Being an international student and what to expect when studying abroad...

Wednesday, June 03, 2015 12:00 AM

Last September, I arrived at Heathrow Airport, nervous, sweaty-palmed and ready to start my first year studying in the UK.

Arriving at a new school in a new country easily tops my ‘Most Nerve-Wrecking Things I Had To Do’ list. The decision was easy; I came to the UK to study A-levels because my old school in Hong Kong didn’t provide the subject combination I like. Now, I am happily studying Physics, Mathematics, Chemistry and English Literature. Like I said, the decision was easy, but that didn’t prepare me for all that change.

Going to a school in the heart of Hong Kong meant that I wasn’t a stranger to being a part of an international community. Yet somehow, I was absolutely terrified of trying to make friends with a bunch of girls that on hindsight, were probably as anxious as I was. Most importantly, I was extremely nervous about boarding school life – do I really have to turn off my lights at ten? Would my new room-mate be angry because I sleep like the dead and need four alarm clocks? I was thinking about consulting books on boarding etiquette, but I shouldn’t have been worried. If you’re going to a new school like I was, scared out of your wits, then don’t be! The chances are your new schoolmates are as nervous as you, and the next thing you’ll know, you will be all sharing pizza in the common room. Make the most of this opportunity to learn about different cultures and widen your own view of the world.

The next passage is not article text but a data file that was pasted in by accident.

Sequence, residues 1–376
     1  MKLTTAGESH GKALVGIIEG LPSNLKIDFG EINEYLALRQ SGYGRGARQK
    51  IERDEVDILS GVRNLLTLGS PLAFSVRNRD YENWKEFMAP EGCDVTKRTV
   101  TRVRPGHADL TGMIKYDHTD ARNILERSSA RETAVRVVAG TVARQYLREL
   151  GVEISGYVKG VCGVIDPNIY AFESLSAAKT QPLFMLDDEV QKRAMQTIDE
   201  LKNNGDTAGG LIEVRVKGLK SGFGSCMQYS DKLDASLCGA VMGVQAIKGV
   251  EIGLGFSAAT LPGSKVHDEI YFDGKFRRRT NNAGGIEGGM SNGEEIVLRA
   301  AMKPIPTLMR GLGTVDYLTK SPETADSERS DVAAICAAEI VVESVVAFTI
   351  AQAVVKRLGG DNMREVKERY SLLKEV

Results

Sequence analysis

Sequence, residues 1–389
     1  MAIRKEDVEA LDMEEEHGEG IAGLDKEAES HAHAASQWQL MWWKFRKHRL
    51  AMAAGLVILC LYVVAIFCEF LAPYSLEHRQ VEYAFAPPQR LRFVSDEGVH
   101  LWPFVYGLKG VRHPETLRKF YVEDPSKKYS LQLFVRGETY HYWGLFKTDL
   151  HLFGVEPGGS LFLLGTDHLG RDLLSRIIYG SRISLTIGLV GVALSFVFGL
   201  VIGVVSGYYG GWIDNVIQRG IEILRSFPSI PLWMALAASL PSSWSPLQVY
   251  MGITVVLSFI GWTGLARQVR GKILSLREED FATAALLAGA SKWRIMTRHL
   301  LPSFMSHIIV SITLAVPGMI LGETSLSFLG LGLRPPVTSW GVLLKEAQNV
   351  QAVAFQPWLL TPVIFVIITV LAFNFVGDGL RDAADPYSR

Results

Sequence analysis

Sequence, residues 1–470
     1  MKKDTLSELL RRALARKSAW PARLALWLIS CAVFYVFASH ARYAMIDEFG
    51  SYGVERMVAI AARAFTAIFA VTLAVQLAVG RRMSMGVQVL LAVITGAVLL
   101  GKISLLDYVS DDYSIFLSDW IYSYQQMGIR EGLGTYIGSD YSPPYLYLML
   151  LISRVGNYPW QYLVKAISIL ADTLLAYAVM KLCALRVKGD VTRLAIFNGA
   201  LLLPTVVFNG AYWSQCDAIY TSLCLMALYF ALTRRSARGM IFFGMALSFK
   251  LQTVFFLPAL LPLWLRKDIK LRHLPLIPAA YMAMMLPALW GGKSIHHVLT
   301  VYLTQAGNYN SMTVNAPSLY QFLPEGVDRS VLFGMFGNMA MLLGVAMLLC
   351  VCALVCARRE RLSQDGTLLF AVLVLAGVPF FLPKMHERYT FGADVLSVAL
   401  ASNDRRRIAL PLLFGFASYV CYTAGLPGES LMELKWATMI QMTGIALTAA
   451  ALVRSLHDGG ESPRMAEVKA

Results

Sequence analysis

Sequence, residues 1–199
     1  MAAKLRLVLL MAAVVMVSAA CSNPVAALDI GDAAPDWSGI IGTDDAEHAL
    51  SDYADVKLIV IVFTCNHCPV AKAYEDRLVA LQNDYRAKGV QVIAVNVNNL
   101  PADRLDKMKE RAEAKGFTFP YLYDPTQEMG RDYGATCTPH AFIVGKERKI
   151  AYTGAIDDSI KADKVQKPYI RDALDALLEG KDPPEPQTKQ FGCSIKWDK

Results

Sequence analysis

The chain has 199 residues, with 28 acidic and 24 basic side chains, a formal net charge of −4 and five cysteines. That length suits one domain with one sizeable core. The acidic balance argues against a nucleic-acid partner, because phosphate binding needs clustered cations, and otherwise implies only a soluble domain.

With one of the seemingly important problems out of the way, it wasn’t difficult to settle into a new school. Sure, we all had that weekend when we really missed our mum’s cooking; that first week when getting to your next class feels more like navigating through Narnia; and the shock of being at the end of the lunch queue. Soon you’ll find that you have loads of support from everyone at school, and it’s always nice to make a new friend when you’re both standing confusedly in the middle of a school hallway.

Going to a school in the UK is an amazing opportunity. Besides expanding your horizons and meeting new friends, there are opportunities around every corner. Since I am hoping to study Medicine at university, I have taken the liberty of broadening my knowledge through work experiences in UK hospitals and medical lectures. There is a lot of information available for students and you should take the chance to explore other options. Although I was planning on returning to Hong Kong for university, I am now contemplating other possibilities.

Studying in another country sounds terrifying and a big step out of anyone’s comfort zone. However, remember that it also means an incredibly rare opportunity to learn more about other cultures, other pathways and also yourself. Take the most out of this new beginning to broaden your view of the world and develop your own prospects.

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